All subjects were admitted to the hospital. General daily activities, diet, physical activity, body position such as supine, prone, or lateral decubitus, and systemic medications that would not influence IOP were not restricted. Diurnal IOP was assessed in the sitting position with a Goldmann applanation tonometer, and the subjects remained in a sitting position for 10 minutes before IOP measurement. We scheduled IOP measurements every 2 hours between 9 AM and 11 PM, and two diurnal IOP assessments were performed 8 weeks apart. Right eyes were measured before left eyes by a well-trained ophthalmologist (KUS) using the same slit-lamp, and the mean of three measurements at each time point was recorded. To minimize bias, prior IOP measurements were not available during the measurement process.

Statistical analysis

To determine the repeatability of diurnal IOP according to time-course profile, we calculated intra-class correlation coefficients (ICCs) at each time point to compare visits 1 and 2, which occurred 8 weeks apart. In addition, to verify the repeatability of diurnal IOP according to trend-course profile, we calculated ICCs for mean IOP, maximum IOP, minimum IOP, fluctuation-IOP (maximum IOP to minimum IOP), and fluctuation-standard deviation (standard deviation of mean IOP) for visits 1 and 2. Poor, fair to good, and excellent agreement were noted when ICCs were less than 0.4, between 0.4 and 0.75, and higher than 0.75, respectively [35]. Statistical analyses were performed using SPSS software ver. 19.0 (IBM Corp., Armonk, NY, USA). The alpha level (type I error) was set at 0.05.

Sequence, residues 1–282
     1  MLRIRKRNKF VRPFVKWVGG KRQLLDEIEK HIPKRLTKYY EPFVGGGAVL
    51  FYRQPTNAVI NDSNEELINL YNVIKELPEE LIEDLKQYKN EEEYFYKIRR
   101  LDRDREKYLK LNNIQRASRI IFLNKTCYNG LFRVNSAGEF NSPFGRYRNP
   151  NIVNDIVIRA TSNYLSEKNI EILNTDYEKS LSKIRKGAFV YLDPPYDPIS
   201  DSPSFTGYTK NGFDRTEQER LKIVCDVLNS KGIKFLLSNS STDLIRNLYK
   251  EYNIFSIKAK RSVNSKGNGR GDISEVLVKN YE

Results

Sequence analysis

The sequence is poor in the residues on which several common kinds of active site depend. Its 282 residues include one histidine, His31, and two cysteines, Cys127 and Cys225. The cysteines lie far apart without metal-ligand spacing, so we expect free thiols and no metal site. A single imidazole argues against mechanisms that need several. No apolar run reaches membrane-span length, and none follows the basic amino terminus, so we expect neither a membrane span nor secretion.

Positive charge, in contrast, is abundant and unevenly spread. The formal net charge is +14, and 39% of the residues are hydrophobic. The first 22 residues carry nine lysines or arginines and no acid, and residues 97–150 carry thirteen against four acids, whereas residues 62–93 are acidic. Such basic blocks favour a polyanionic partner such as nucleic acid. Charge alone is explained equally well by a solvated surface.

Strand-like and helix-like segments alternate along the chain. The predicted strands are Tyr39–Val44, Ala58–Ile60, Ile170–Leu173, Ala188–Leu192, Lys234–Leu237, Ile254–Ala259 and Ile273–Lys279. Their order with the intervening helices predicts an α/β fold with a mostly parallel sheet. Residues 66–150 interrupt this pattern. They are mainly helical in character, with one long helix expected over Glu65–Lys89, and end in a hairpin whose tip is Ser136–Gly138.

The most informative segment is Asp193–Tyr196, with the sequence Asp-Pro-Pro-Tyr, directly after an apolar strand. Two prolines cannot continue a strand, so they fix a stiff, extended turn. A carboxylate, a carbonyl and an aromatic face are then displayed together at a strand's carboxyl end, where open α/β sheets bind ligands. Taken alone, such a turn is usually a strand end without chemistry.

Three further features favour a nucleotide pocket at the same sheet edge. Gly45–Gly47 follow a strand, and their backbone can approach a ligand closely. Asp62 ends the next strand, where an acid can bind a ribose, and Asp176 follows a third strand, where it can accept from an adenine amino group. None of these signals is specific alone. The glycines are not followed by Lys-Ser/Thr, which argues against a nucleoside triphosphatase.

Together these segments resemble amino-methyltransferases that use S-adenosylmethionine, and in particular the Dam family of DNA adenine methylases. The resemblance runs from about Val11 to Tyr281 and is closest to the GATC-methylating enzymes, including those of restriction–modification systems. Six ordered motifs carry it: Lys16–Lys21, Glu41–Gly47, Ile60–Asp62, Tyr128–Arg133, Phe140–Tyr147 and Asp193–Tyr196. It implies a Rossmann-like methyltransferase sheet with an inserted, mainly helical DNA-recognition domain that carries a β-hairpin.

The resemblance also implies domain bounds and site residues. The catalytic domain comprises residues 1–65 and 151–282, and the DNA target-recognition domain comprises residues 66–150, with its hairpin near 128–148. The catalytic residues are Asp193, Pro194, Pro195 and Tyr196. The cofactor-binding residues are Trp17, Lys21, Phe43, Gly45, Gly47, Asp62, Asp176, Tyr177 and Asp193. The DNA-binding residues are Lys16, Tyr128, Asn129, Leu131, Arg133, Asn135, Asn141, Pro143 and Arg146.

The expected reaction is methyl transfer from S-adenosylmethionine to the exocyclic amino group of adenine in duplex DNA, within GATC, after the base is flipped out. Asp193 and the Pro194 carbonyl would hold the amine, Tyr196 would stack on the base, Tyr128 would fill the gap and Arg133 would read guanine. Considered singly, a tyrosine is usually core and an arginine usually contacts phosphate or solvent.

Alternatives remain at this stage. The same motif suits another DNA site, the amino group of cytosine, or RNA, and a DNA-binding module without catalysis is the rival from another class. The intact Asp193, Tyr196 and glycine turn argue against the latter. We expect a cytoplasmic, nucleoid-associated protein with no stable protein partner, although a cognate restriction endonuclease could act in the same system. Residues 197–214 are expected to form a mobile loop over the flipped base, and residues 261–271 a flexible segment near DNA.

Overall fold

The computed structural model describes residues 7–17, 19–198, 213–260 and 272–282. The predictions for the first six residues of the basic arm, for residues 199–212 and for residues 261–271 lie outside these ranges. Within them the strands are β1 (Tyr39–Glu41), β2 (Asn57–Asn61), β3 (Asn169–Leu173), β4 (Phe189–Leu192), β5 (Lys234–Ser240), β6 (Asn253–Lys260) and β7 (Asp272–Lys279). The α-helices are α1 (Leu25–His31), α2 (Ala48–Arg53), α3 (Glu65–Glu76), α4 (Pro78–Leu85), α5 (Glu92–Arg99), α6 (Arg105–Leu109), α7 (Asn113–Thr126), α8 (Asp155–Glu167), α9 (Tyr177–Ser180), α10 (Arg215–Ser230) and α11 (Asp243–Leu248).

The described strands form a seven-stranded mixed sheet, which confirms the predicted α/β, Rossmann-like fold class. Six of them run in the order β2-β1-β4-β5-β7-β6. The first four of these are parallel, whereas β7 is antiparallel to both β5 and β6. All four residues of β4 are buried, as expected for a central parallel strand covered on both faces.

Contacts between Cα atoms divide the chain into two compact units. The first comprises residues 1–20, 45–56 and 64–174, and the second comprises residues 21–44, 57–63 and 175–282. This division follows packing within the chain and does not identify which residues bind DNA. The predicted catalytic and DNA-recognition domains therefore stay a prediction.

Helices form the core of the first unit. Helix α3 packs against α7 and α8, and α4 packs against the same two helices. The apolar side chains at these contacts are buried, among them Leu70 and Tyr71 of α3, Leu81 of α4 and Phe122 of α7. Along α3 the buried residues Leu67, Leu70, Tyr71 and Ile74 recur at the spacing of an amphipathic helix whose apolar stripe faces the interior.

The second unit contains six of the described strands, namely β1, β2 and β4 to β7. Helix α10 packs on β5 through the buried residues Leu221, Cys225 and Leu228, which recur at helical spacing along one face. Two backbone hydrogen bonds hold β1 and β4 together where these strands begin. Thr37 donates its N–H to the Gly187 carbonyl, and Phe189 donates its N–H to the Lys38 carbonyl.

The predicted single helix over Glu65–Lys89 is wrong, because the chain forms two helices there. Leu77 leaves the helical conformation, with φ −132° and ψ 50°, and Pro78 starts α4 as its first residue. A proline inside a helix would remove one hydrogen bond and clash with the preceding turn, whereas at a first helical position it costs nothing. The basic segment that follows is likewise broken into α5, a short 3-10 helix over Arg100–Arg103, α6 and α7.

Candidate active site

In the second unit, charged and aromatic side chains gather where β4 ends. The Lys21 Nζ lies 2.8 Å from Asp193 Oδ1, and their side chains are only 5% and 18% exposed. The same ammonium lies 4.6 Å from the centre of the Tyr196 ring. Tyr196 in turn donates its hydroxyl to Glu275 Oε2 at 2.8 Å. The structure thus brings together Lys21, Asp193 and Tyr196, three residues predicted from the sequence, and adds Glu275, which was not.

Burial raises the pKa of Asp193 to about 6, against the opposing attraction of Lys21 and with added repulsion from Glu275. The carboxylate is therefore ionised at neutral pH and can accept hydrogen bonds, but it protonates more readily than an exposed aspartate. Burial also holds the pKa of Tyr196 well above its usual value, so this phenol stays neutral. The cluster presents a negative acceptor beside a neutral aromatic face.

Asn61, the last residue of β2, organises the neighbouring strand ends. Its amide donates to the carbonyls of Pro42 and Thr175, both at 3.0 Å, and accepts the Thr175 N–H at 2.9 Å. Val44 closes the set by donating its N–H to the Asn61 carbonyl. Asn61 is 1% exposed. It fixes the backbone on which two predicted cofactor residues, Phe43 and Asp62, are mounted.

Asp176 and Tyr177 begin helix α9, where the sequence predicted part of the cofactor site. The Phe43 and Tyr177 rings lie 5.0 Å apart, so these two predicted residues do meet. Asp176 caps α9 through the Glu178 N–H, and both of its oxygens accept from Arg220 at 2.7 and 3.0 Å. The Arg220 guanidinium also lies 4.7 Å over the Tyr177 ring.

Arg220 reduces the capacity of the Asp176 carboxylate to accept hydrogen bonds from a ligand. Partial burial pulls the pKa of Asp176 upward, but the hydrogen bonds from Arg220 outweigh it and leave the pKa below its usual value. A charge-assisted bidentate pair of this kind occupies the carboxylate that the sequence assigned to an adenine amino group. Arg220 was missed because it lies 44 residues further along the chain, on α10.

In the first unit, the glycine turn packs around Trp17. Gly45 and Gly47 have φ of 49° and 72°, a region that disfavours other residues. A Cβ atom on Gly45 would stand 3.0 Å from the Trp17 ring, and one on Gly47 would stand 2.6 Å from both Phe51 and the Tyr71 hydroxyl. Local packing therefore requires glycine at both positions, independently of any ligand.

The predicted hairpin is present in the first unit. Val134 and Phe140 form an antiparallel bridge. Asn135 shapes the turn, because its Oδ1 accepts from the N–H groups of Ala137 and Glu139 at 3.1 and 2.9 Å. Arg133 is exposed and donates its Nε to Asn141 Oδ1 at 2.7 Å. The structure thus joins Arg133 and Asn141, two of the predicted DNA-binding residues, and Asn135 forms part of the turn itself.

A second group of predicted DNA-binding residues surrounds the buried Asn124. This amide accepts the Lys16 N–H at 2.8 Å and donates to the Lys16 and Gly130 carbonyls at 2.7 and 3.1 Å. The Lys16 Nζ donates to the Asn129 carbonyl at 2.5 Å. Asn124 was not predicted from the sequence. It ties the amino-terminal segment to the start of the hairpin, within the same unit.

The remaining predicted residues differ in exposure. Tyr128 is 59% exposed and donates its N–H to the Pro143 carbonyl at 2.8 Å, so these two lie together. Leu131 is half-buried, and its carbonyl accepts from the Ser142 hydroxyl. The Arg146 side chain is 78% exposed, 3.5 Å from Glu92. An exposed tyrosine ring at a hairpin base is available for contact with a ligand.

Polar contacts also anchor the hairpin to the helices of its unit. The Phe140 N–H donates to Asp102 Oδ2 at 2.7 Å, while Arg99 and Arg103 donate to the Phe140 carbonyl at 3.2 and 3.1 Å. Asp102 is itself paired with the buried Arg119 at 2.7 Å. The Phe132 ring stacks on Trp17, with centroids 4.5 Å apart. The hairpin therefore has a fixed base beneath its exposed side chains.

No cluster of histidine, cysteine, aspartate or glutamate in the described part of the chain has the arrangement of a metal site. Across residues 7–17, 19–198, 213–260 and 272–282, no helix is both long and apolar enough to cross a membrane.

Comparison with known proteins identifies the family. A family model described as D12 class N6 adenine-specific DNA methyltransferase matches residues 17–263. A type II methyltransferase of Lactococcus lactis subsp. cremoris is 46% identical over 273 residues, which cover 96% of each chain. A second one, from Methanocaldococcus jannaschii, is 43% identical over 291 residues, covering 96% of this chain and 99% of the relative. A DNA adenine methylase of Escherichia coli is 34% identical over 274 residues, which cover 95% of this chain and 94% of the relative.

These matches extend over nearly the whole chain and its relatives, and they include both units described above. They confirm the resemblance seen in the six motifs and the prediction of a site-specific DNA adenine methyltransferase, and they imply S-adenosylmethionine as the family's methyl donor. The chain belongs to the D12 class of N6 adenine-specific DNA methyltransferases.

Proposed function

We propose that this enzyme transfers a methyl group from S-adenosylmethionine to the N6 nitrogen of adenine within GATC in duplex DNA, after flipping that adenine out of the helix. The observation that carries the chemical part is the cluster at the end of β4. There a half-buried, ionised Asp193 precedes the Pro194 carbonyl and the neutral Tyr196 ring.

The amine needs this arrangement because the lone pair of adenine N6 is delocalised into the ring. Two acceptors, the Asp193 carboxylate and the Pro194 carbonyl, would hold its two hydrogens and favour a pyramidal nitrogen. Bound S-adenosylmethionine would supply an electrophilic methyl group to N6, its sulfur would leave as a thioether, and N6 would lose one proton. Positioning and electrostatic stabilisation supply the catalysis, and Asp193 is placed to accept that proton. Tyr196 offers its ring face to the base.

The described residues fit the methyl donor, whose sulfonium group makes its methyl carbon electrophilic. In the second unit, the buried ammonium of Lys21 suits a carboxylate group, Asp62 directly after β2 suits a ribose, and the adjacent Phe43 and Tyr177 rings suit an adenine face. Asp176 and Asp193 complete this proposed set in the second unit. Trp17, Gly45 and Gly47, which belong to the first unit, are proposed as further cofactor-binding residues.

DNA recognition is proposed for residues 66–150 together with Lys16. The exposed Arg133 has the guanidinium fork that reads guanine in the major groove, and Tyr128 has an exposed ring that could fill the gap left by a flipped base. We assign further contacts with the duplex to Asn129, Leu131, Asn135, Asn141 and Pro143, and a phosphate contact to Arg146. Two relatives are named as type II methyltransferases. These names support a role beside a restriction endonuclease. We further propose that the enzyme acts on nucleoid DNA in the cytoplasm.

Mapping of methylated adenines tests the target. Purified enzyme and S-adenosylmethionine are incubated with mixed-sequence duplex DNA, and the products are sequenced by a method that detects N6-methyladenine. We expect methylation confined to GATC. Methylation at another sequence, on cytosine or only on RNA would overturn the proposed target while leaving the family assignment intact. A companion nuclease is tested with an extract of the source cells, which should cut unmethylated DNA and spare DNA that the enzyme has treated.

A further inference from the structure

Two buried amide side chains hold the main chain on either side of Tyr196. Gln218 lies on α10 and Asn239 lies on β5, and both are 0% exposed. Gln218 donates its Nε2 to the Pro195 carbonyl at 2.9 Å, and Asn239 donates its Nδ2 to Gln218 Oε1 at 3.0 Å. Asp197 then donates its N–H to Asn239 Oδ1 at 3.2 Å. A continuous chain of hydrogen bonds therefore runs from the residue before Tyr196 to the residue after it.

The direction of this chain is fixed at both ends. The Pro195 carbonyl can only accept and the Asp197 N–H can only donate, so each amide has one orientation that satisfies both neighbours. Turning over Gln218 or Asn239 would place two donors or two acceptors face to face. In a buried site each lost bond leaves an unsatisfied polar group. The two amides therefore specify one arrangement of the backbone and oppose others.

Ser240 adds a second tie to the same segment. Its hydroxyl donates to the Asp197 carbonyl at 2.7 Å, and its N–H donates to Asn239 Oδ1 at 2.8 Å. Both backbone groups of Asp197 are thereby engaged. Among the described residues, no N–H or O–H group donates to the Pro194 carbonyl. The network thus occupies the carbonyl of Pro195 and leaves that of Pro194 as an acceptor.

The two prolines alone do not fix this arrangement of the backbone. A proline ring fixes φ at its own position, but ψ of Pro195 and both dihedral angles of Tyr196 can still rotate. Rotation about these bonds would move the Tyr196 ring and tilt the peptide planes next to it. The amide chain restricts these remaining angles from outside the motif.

Results

Among 23 Asian subjects, 12 (52.2%) were female, and the average age was 65.4 ± 13.9 years (range, 21 to 84). Fifteen of the 23 eyes (65.2%) were right eyes.

Reliability at each time profile

The mean IOP and the mean difference between the two visits at each time point are presented in Table 1. The mean difference was less than 1 mmHg, and this difference was not significant (p > 0.05, Mann-Whitney U-test) at any time-point. The repeatability of IOP measurements was excellent at all time-points, with ICCs ranging from 0.812 to 0.946 (p < 0.001). The 9 AM IOP showed the best reliability between visits (ICCs, 0.946).

Reliability at trend profile

Repeatability was excellent for mean IOP, peak IOP, and minimum IOP. Mean IOP showed the best repeatability (ICCs, 0.929), followed by minimum IOP (ICCs, 0.912) and then peak IOP (ICCs, 0.899). IOP fluctuation, expressed as the difference between peak IOP and minimum IOP or as the standard deviation of all diurnal IOP values, showed poor reliability (Table 2).

Discussion